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Trend Tracking: Keys To Cyclone Success

Last year Kirk Haaland discovered the key to Iowa State's success was through Royce White's efficiency. Can he do the same for this year's squad?

Jamie Squire

We all have moments in our lives when we're pretty proud of ourselves for finding something that we think is really impressive, even if others kind of look at us with bewildered smirks. Well, that was me last year, when right around this time I found a trend with the Cyclones that I put out on the Twitter-verse and watched it unfold more accurately than I could ever imagine.

What I noticed in mid-January was the relationship between the number of Royce White field goal attempts and whether or not the Cyclones won. I'm not sure of the exact time that I pointed out that relationship but here is how it finished:

When Royce attempted 12+ field goals last year ISU was 2-11 and those two wins were Lehigh to begin the season and Kansas State at home. When Royce attempted 11 or fewer field goals the Cyclones were 21-0. You can see why I'm proud of this stat.

This means I must duplicate this feat for this season even if the odds are not in my favor. Along those lines I'll present you with some too-early-to-really-tell "trends" through just 15 games. In reality these trends are misleading as many of the 15 opponents so far have been closer to patsies than not. Here are the most interesting "trends" that I have identified up until now:

  • In games where the Cyclones have notched a steal percentage (percentage of opponent possessions that ended with a Cyclone steal) of greater than 9% they are 9-0. Two of the six games where that benchmark was not reached were still wins. Most notably and recently Texas with just a 5.2% steal percentage.
  • When the Cyclones have recorded a team assist to turnover ratio of 0.88 or better they are 10-1. The one loss was in Lawrence when Iowa State's ratio was 1.55.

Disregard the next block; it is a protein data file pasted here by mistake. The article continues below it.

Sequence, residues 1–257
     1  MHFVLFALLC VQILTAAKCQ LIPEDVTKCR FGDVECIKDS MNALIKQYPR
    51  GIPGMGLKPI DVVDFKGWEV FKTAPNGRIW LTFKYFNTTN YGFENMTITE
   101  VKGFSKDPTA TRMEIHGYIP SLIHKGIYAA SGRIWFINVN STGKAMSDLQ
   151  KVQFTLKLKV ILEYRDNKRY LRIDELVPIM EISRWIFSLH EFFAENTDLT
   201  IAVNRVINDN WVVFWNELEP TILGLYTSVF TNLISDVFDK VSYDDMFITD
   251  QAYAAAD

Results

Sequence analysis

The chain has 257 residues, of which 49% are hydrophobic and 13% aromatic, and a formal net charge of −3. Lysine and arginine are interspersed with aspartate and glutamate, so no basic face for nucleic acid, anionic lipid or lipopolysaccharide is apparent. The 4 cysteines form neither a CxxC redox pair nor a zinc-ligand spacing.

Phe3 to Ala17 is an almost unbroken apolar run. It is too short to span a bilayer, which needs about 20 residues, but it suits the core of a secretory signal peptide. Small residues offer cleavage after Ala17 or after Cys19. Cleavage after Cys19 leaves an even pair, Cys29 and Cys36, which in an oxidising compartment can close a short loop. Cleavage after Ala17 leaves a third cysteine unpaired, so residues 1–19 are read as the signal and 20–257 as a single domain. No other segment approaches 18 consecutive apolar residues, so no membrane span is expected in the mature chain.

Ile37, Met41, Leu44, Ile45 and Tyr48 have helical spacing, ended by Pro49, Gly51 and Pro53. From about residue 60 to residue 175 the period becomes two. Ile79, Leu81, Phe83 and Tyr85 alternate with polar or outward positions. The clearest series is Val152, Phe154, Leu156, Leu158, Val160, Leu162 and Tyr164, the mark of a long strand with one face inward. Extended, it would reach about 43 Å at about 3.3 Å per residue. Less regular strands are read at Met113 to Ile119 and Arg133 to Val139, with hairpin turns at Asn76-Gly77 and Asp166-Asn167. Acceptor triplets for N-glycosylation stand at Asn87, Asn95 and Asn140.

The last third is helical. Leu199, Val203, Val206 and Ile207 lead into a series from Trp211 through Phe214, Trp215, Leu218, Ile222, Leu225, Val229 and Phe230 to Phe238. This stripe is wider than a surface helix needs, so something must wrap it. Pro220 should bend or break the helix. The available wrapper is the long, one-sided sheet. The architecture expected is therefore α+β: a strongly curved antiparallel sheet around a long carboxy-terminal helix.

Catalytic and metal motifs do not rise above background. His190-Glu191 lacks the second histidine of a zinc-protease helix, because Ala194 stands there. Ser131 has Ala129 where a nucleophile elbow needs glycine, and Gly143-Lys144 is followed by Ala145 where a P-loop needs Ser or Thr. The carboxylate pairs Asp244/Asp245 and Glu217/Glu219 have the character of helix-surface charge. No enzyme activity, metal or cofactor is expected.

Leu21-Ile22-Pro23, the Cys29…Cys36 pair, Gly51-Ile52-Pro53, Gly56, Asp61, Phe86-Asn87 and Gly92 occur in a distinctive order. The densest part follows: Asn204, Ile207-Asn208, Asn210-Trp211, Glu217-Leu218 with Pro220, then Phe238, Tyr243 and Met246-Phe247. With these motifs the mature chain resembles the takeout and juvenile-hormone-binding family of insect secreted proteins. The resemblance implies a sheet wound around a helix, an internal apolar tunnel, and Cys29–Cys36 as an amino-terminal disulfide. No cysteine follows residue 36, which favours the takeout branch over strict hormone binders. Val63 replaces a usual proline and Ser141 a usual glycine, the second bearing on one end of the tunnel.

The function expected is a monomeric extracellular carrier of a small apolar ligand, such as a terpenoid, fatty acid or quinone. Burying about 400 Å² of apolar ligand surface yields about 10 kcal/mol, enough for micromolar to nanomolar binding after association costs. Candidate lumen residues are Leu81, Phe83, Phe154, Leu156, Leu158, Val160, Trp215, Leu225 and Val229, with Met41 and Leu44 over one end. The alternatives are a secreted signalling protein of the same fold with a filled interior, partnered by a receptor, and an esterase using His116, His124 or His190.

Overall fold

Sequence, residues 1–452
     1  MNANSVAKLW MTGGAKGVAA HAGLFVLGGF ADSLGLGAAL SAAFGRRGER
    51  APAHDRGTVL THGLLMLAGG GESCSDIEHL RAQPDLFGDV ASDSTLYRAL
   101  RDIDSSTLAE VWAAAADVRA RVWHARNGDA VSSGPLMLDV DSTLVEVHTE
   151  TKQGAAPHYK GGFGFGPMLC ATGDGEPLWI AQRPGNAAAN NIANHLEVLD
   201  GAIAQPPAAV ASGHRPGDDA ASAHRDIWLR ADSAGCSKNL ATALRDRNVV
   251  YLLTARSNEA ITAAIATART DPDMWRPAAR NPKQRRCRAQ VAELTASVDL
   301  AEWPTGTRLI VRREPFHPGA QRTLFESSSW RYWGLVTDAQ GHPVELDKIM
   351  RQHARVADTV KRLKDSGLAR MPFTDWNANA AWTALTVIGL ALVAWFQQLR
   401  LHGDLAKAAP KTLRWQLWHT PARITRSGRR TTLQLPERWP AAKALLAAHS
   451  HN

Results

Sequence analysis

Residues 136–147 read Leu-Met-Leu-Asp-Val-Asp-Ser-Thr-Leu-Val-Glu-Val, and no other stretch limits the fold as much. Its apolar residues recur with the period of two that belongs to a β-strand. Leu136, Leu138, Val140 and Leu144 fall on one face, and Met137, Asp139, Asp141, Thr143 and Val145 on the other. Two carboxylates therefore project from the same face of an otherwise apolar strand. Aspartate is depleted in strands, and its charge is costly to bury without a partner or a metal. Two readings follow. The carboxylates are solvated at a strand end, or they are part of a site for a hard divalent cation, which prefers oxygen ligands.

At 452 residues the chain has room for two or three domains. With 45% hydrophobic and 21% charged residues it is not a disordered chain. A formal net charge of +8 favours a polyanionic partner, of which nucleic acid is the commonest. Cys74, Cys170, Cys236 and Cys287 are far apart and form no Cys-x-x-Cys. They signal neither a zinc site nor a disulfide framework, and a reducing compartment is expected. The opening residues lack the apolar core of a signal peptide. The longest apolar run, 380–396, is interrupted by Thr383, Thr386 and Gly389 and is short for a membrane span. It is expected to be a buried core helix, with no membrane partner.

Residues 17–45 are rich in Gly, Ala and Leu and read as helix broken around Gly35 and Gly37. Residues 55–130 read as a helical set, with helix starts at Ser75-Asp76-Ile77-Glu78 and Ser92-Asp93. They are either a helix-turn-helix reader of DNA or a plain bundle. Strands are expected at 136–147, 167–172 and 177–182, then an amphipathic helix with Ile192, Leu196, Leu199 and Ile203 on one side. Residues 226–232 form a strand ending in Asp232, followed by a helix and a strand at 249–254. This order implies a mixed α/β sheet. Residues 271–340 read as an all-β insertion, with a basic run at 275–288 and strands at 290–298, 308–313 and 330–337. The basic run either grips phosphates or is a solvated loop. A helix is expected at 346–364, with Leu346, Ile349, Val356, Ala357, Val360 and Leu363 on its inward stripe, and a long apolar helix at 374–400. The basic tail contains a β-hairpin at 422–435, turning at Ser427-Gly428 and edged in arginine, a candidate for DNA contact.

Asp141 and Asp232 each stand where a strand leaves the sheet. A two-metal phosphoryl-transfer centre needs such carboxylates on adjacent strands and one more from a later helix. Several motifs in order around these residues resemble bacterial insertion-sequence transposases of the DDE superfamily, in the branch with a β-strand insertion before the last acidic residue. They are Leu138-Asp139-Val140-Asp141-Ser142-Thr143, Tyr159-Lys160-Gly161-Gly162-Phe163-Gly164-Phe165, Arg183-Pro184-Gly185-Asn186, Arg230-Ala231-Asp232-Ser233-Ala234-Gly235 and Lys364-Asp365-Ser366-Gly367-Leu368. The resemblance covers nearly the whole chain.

• When ISU's free throw rate (FTM/FGA) is greater than their opponents' the Cyclones are 8-0. When that is not the case ISU is 3-4 but those three wins weren't against powerhouses (Alabama A&M, UMKC, and Florida Gulf Coast).
  • When opponents have shot 18+ free throws the Cyclones are 0-3. When opponents have shot fewer than that ISU is 11-1. The lone loss in that scenario was at Iowa where the Hawkeyes shot 15 free throws.

Those were the team trends that I have been able to pick out. Next are some individual correlations that are limited to Korie Lucious, Will Clyburn, or the combination of the two. As hard as I tried I could not find any other obvious trends as they relate to any of the other individuals. Here are the completely obvious Lucious and Clyburn trends that have been identified:

  • In five games this year Lucious has attempted seven or more three point field goals and in those games the Cyclones are 1-4. The lone win in that bunch came against Florida Gulf Coast when he was 5/7 behind the arc. In games with six or fewer attempts from Lucious that obviously leaves the Cyclone record to 10-0.
  • There have been nine games this season where Will Clyburn has averaged 1.36 points/field goal attempt or better-a good measure of offensive scoring efficiency. In those nine games ISU is 9-0. In the remaining six games the Cyclones found two wins but those games were against Nebraska-Omaha and Florida Gulf Coast.
  • When Lucious and Clyburn have combined for an assist to turnover ratio of 0.83 or better the Cyclones are 11-0, leaving them at 0-4 when they do not hit that mark. Clearly this is very closely related to the team assist to turnover ratio mentioned above and a similar ratio as well.
  • Eleven times so far this season Lucious and Clyburn have combined for an effective field goal percentage of 41% or better and in those games Iowa State is 10-1. In that one loss they shot 54.5% and that game was played in Lawrence.

As previously noted these trends are far from conclusive for now but they all seem to correlate strongly to the intuitive observations when watching games, at least from my vantage point. It will be interesting to see how they fair going forward or if any new trends arise. Odds are, I won't look as good as I did last year.